Industrial equipment, off-highway vehicles, rail bogies and marine vessels all produce some form of vibration. It’s an innate characteristic of their function and operation, but too much can have a negative impact. Without the appropriate shock mounts in place, unnecessary vibration can lead to a whole host of problems. From part wear and transmission of vibration into non-insulated adjacent structures to impacting the comfort of operators and passengers. Specifying vibration control components is necessary, but which material is most successful in removing vibration?
When it comes to antivibration mounts, the typical choice is either rubber or steel. Steel components will come in the form of springs, while rubber parts will be in the form of mounts. The composition of a mount is a big consideration as it will dictate the efficiency of the component and also determines the deflection. Deflection refers to the change in a flexible elements unloaded to loaded height and essentially determines how well the isolator works – more deflection means less vibration transmission.
When it comes to comparing the deflection in the two materials, steel is undoubtedly strong but its deflection isn’t as great as rubber. Due to rubber’s elastic characteristics, it can be stretched much more than steel before it becomes deformed, and can even recover from extreme deformation of 200 per cent.
Rubber’s high load bearing capacity coupled with its low modulus of elasticity means it is more versatile than steel. What’s more, the ability to chemically manipulate the formulations of rubber to provide a broad range of characteristics means it can be customised for a diverse range of applications. For example, chemicals can be added which resist tear, abrasion, creep, sunlight and oxygen.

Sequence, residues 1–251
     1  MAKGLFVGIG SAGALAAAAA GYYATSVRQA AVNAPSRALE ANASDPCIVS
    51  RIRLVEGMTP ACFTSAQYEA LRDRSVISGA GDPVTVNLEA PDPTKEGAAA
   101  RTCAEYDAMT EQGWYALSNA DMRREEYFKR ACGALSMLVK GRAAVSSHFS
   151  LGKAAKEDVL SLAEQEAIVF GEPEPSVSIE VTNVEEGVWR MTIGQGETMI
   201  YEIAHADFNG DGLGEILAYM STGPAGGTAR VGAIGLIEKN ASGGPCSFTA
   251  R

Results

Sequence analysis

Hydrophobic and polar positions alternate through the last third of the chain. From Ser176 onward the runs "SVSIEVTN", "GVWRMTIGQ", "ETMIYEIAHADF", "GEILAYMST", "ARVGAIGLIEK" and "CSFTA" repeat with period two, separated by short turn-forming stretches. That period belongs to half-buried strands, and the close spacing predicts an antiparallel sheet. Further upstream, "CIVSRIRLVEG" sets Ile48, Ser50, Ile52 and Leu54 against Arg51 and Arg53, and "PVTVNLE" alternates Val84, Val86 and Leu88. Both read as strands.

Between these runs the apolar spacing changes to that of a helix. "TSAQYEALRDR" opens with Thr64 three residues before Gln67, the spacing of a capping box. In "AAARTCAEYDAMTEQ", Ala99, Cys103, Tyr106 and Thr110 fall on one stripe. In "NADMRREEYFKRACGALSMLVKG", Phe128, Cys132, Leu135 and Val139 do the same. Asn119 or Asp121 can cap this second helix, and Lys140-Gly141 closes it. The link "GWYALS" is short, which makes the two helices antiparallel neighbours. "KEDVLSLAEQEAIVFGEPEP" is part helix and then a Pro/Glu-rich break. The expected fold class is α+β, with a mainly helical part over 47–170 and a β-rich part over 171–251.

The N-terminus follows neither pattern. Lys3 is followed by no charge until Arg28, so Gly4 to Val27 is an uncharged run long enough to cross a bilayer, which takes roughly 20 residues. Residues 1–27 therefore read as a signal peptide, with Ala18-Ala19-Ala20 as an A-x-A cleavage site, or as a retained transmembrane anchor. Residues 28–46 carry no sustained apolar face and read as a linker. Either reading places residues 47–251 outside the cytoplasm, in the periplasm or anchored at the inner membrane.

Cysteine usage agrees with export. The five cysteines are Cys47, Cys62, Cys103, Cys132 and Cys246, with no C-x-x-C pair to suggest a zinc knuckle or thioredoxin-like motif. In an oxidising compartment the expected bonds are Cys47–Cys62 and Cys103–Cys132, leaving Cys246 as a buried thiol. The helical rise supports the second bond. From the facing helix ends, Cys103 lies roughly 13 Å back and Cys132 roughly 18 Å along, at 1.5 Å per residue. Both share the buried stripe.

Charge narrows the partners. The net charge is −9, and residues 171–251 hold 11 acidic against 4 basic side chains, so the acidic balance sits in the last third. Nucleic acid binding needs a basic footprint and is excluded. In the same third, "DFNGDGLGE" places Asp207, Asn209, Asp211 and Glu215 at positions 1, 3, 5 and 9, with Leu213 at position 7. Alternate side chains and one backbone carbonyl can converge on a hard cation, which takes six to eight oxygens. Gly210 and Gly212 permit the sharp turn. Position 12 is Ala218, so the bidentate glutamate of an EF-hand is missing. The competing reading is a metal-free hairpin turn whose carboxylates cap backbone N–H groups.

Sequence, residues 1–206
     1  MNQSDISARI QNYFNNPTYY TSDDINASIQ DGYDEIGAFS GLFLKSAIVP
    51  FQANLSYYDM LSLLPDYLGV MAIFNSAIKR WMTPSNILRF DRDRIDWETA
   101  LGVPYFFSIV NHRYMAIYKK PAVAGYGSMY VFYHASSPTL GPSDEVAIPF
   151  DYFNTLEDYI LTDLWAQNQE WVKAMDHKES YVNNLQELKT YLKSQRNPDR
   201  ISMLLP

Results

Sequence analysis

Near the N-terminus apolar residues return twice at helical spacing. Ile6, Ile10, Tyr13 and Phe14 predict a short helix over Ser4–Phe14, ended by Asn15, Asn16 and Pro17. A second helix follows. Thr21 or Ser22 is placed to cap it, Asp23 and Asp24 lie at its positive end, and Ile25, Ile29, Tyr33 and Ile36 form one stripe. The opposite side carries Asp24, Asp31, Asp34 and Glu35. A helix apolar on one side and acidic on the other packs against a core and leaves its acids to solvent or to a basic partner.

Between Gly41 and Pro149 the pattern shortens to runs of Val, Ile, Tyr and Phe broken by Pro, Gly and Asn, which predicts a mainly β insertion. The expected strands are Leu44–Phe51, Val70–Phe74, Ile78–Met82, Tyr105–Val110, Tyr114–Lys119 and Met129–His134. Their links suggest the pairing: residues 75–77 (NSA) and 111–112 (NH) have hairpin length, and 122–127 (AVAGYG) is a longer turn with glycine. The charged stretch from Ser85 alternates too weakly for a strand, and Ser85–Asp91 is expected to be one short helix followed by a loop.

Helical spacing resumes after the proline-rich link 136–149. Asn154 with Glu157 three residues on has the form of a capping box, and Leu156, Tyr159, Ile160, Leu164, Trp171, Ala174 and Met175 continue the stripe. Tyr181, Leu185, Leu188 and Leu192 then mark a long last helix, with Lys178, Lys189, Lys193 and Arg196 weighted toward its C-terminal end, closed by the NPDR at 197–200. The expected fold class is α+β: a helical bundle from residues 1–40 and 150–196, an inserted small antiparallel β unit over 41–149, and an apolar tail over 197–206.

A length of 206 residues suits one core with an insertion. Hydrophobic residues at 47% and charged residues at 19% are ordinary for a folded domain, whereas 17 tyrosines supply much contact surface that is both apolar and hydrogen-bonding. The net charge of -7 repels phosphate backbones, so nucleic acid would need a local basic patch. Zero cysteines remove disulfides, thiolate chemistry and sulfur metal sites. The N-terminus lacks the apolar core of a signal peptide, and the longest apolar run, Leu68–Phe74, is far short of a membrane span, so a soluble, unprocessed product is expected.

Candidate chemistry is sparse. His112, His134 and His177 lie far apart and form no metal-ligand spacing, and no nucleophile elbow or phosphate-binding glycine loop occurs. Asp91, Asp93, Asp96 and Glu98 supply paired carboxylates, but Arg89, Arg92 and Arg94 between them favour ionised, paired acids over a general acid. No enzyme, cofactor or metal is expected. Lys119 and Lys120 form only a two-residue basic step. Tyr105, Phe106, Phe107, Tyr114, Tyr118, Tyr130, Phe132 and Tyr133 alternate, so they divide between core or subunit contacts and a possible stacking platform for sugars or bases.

In comparison to metal, rubber also has sound insulation properties to prevent excess noise. Finally, when bonded to metal, the inherent strength of rubber is dramatically increased to give an even higher load capacity. For damping applications, rubber outperforms steel coil or leaf springs as the use of the latter can result in excessive vibration transmission.
Even rubbers with like-for-like properties may not perform the same in similar environments, which is where custom-engineered solutions may be required. Trelleborg’s own range of rubber compounds exceeds 300 different formulations along with many different mount designs. Its team of technical application engineers are on hand to demystify the specification process based on the desired performance characteristics.
For more information about Trelleborg’s range of rubber-to-metal bonded antivibration solutions, please visit www.trelleborg.com/en/anti-vibration-solutions